PUBLIC PROFILE: Della Merrill, Membership Director Southern Oregon Land Conservancy
Rogue Valley Messenger: The goal is for 20,000 acres to be set aside by 2020. You are halfway there. What needs to happen to reach that goal?
Della Merrill: Vision 20/20 is an aspirational goal for 20,000 acres conserved. Even though we conserve more acres each year, protecting an additional 10,000 is a big task. However, there are quite a few large parcels of land with high conservation values in our region. SOLC can protect land by purchasing it when available, or by working with a landowner who wants to place a conservation agreement on the land. Both of these scenarios take time, expertise, and funding. We have the expertise and staff capacity. When the opportunity arises to protect vital habitats for future generations of wildlife, plants, and people our biggest task is to raise the funds needed. We are always reaching out to our community to build a broad base of members and supporters through educational opportunities, fun outdoor activities, and a variety of events.
RVM: Southern Oregon Land Conversancy is more than “conserving” tracts of land. There is an educational component—hikes to discover mushrooms, book clubs. Is this the chicken or the egg? Meaning, do people first become involved by going on hikes with you, and then provide support—or vice versa? Asked differently, how do people most commonly get involved?
DM: Oregonians have a deep respect and appreciation for land. Yes, people definitely do connect with SOLC through our free spring and fall outings. We offer over 30 opportunities to get outdoors, be on the land with an expert naturalist, and learn about nature. Creating a connection to our natural world is critical to helping people understand our need to live sustainably. Our members are also a big source of inspiration. They recruit new members. Just like the Rogue Valley Messenger, they spread the word about the importance of land conservation. We ask people to think about their personal conservation mission. As a land conservancy, we can help people fulfill their personal mission by working together to protect healthy habitats that provide us with so much beauty, joy and of course clean water, fresh air, and incredible food.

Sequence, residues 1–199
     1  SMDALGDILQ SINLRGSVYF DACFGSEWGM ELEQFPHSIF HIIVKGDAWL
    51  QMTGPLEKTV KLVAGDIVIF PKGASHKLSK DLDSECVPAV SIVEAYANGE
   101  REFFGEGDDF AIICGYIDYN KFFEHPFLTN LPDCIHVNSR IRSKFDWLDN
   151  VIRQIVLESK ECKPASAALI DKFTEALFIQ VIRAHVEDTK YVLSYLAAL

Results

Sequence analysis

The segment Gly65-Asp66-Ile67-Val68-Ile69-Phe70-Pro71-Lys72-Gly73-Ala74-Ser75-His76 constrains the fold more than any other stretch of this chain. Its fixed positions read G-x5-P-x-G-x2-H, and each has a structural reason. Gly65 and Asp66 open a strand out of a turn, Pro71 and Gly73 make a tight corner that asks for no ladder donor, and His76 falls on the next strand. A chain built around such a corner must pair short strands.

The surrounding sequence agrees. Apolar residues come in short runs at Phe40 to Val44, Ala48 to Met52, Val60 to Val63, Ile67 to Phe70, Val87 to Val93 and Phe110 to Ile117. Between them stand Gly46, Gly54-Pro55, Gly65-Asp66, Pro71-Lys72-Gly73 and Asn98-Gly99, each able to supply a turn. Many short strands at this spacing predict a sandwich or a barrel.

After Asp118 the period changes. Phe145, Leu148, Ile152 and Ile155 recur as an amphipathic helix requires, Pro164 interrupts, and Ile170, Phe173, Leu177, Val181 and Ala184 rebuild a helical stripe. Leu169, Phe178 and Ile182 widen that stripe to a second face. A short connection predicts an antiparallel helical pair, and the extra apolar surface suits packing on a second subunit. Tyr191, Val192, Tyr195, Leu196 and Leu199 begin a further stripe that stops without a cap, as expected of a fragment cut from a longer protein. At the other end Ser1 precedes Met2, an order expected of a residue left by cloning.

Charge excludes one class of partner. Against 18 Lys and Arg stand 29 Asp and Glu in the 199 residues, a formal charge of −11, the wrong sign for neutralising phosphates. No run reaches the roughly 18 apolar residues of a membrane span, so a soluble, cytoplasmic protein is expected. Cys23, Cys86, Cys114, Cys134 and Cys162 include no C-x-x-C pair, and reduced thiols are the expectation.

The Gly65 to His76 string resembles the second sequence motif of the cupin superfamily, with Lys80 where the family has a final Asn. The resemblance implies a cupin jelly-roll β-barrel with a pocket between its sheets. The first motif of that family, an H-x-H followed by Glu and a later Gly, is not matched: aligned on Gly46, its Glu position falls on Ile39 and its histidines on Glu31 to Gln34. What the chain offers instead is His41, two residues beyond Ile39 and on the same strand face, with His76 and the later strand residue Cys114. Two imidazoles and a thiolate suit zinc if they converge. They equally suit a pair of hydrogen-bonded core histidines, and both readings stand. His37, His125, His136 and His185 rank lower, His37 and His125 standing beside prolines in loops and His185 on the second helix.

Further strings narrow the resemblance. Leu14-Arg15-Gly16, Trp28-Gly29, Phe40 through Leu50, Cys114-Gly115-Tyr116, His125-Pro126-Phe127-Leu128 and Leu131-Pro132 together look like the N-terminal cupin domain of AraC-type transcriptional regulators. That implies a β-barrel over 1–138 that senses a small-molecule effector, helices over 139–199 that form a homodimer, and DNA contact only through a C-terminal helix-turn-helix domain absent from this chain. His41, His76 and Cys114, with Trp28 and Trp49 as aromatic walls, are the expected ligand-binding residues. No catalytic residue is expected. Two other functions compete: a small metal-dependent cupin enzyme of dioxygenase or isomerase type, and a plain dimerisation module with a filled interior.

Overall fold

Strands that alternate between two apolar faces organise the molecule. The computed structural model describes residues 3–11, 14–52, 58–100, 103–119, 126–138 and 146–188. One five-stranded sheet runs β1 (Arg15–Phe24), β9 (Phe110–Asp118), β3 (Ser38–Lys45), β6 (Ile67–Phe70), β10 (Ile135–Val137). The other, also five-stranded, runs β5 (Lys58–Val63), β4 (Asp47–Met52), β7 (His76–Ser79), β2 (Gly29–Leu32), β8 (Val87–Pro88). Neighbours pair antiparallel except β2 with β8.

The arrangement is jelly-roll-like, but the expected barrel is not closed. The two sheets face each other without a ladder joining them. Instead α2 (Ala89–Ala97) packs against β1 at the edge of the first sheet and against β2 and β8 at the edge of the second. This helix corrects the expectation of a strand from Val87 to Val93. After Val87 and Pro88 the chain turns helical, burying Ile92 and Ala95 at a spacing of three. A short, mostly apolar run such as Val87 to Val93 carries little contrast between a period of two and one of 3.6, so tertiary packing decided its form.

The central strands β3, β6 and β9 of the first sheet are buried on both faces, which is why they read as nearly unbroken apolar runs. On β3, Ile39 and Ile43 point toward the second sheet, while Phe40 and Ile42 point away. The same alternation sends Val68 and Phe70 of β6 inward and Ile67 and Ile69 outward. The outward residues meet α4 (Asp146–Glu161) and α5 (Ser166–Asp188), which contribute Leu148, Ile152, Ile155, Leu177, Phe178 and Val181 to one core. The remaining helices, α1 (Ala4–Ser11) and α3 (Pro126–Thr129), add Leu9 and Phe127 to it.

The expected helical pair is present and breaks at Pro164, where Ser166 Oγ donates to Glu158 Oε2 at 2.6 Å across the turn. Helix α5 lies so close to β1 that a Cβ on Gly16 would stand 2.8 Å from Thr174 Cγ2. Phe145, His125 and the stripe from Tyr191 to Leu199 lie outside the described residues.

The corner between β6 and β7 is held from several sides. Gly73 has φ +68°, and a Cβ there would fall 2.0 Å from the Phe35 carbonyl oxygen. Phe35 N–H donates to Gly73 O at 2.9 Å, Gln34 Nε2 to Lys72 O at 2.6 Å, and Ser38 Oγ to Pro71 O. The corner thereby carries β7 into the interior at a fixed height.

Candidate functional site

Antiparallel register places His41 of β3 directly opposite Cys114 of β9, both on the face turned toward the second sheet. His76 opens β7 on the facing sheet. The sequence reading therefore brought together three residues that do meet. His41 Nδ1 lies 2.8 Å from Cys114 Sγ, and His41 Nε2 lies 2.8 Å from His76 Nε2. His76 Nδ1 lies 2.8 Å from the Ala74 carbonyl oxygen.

RVM: You are a fifth generation Oregonian! Is there a particular tract of land or a house that your family once had, and lost?
DM: Most of the land my family owned over the years was rural farm land in Klamath County and as far as I know it all remains as farmland. None of it, however, has been conserved. Farmland is facing increasing pressure as farmers retire and the land is sold. Sometimes the land will be broken into smaller parcels, portions may go out of production, or it may even be developed. Last year, the Oregon House and Senate created the Oregon Agricultural Heritage Act, the state’s first voluntary farm and natural resource conservation program. Perhaps one of my former family farms will someday be protected with funding from the new law.
RVM: The organization is 40 years old this year. If you could travel back to 1978, is there advice you would give the founders? Or, what would you say to them?
DM: I think the founders of this organization did a phenomenal job. Through thoughtful governance, hard work, and steadfast determination they built a land conservancy that is well-respected and so appreciated in our community. We actually still have members who were part of the founding team. I sometimes think of land that we might have protected 30 years ago, but is developed now. Could we have moved faster on projects? Maybe. However, I am very grateful to the founders for first developing a strong organization, broad community trust, and staff expertise that is the basis for the work we do today.
RVM: As property values have continued to ratchet upward in Oregon, have you seen people’s attitudes about land conservation change over the past several years?
DM: I don’t have any hard data to back me up, but I feel that rising property values have been a wake-up call for some people. Yes, some see the opportunity to benefit by higher land costs. However, many people understand that rising real estate values is sign of increasing pressure on our open spaces and natural lands. People appreciate the immediacy of problems such as rampant development, climate change, and population growth in the Pacific Northwest. More people are inspired and motivated to get involved. Conservation agreements allow people and nature to coexist.